Going unnoticed amid this week’s entertainment news — the various selfies and jokes of jester-in-chief Barack Obama — came news that, according to a Harris poll, John Wayne is currently the seventh most favorite actor in America. Yes, you read that right. And while it’s true he was mostly the pick of conservatives and the “mature,” it is surely a measure of his greatness and longevity that he is the only actor who has been on the list every year since its inception in 1994.
What’s Still Great
On March 16, Whit Stillman's debut comedy, Metropolitan, left the Netflix streaming library. Such changes are routine—doubtless, Metropolitan will return. Still, I mourned its departure, and I wasn’t the only one.
Metropolitan, on paper, is not an especially lovable movie. “When I think about it,” wrote a friend as he recommended the movie to me, “this Metropolitan movie is sort of awful in most respects.” And it is. It’s awkward, often at odds with itself, and pretentious. It’s a comedy, but a major subplot is about date rape. It’s a character-driven film, but half the cast is forgettable. It’s all about the dialogue, but the dialogue is incredibly artificial. Some of the actors can’t really act.
What everybody forgets about the Smiths is how much fun they were.
And not just fun: The band careened through the '80s putting out four studio albums which were joyful, sexy, funny, self-deprecating, silly, and even sometimes compulsively danceable. The myth of Morrissey and his mopey muse has some truth to it—and he made the jokes first, in song titles like “Miserable Lie,” “Heaven Knows I'm Miserable Now,” “Pretty Girls Make Graves” and the rest—but the band mocked by the Pet Shop Boys for their “Miserablism” spent most of their time whistling past the cemet'ry gates.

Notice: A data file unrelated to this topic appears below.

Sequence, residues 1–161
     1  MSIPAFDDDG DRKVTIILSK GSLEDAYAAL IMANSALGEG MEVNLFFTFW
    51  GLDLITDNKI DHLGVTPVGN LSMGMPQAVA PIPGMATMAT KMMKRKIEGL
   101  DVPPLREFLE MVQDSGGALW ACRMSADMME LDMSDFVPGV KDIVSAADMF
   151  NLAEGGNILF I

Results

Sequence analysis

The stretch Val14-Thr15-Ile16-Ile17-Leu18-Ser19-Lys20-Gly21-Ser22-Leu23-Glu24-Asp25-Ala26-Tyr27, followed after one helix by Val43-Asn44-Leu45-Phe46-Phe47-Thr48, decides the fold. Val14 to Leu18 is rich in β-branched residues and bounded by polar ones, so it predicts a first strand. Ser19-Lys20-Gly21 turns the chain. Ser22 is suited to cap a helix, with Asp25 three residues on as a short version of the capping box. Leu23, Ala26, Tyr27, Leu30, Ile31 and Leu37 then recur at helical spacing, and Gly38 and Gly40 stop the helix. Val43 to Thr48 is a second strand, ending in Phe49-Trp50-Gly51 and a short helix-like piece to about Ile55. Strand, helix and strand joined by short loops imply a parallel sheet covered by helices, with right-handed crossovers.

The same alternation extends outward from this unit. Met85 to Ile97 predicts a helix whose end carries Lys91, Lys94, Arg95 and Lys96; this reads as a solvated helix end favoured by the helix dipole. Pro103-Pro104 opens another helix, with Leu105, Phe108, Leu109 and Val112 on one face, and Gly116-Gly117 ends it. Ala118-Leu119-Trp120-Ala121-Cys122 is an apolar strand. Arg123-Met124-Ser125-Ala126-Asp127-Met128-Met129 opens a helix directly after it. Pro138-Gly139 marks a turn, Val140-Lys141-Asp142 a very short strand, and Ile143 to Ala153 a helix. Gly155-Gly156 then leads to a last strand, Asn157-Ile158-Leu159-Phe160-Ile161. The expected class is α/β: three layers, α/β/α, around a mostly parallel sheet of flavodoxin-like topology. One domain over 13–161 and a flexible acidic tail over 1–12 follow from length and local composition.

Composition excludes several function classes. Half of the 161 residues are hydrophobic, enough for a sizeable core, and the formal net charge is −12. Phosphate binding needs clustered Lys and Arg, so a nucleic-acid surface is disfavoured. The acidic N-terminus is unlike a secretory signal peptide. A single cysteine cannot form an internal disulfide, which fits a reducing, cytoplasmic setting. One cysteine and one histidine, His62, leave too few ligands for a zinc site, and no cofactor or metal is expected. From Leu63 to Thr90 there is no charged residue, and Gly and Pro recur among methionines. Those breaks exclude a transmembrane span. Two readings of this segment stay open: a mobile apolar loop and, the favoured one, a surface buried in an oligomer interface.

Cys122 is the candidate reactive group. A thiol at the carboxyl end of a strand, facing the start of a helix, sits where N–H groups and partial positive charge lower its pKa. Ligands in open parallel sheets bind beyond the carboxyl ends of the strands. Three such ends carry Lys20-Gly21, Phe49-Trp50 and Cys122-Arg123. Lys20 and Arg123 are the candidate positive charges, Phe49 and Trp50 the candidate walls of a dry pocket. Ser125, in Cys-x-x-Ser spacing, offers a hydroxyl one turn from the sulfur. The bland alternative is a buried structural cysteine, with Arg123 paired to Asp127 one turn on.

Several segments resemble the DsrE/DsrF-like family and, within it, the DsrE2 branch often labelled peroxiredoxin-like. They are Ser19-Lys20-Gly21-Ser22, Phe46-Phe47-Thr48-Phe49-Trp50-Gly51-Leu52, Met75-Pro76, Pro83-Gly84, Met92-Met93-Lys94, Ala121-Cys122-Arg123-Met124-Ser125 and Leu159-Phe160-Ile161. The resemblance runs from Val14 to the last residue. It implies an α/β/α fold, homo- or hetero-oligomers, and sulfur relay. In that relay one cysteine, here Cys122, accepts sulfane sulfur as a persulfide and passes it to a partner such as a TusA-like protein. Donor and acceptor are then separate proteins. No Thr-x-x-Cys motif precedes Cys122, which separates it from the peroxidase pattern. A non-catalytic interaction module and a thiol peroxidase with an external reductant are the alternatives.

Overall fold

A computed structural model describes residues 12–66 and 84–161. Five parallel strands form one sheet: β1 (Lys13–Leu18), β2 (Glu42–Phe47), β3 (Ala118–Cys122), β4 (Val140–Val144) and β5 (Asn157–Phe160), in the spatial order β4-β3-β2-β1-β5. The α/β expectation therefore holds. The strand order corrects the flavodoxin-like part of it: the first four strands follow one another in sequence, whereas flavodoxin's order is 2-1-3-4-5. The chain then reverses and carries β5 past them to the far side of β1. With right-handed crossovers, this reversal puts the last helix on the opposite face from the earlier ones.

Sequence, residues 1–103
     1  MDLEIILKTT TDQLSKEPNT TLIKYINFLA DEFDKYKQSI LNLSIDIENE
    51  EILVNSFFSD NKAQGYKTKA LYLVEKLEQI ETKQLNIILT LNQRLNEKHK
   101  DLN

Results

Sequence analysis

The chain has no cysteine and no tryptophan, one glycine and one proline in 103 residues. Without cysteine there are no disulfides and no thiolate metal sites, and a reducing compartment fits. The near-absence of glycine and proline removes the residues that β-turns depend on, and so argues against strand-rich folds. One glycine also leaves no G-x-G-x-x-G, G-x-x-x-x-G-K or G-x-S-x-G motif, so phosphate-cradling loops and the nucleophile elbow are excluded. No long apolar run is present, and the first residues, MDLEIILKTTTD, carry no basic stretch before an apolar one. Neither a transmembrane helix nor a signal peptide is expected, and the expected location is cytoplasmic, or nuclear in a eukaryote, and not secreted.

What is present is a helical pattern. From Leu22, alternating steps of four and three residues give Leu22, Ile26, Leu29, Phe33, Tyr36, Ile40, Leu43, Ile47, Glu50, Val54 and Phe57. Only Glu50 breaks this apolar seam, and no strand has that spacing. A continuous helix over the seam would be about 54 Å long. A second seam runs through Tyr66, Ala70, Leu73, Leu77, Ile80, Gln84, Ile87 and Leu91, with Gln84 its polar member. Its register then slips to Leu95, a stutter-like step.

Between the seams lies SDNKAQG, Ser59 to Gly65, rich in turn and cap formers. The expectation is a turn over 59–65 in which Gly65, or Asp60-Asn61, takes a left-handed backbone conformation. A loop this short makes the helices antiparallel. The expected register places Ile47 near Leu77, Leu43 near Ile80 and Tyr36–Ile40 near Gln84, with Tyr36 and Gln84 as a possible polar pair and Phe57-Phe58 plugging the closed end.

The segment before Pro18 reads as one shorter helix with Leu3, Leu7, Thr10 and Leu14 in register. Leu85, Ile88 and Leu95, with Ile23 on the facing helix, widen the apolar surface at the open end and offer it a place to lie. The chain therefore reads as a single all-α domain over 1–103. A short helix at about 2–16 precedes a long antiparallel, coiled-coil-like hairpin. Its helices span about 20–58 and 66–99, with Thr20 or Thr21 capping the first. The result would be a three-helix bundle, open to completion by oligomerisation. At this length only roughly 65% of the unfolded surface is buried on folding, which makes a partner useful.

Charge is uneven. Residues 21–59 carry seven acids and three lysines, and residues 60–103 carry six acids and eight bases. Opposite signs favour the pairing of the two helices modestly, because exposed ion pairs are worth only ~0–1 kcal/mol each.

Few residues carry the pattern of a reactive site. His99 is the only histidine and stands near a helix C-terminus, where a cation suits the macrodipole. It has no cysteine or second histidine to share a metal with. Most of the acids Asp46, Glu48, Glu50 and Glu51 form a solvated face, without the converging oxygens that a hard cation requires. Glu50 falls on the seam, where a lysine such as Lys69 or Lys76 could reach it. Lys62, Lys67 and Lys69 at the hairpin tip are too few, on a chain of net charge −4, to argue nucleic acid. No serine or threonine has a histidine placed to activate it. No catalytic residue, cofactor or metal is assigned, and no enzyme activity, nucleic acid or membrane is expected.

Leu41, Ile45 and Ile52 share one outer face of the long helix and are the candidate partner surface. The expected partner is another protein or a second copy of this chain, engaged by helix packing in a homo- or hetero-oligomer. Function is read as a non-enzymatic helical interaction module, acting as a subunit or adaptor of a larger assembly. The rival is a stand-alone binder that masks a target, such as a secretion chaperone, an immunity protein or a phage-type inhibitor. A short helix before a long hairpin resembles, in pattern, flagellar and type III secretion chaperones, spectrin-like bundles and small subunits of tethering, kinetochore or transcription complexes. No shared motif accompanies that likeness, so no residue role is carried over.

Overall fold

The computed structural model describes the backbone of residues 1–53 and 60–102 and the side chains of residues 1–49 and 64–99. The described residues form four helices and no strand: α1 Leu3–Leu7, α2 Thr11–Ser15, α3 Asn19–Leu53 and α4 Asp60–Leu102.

As the American left puzzles and prattles over the “homophobic” remarks of Duck Dynasty’s Phil Robertson, what’s remarkable is how unremarkable the remarks actually are; that is, once you remove the vivid vernacular by which they were expressed. At their essence, the thrust of Robertson’s remarks are merely a defense of Biblical and Natural Law—albeit inelegantly expressed. Even carefully trained secular progressives will sense a flicker of familiarity in Phil’s observations.
There are two core elements to Phil Robertson’s unpolished exposition.
“Don’t be deceived,” he admonished GQ. “Neither the adulterers, the idolaters, the male prostitutes, the homosexual offenders, the greedy, the drunkards, the slanderers, the swindlers—they won’t inherit the kingdom of God. Don’t deceive yourself. It’s not right.”
Phil didn’t cite his source, but it’s the New Testament. Biblical scholars and exegetes can debate the nuances of Phil’s interpretation, but modern secular minds ought to at least know where Phil is coming from. It’s hardly new. Prior Biblically literate generations wouldn’t have raised an eyebrow.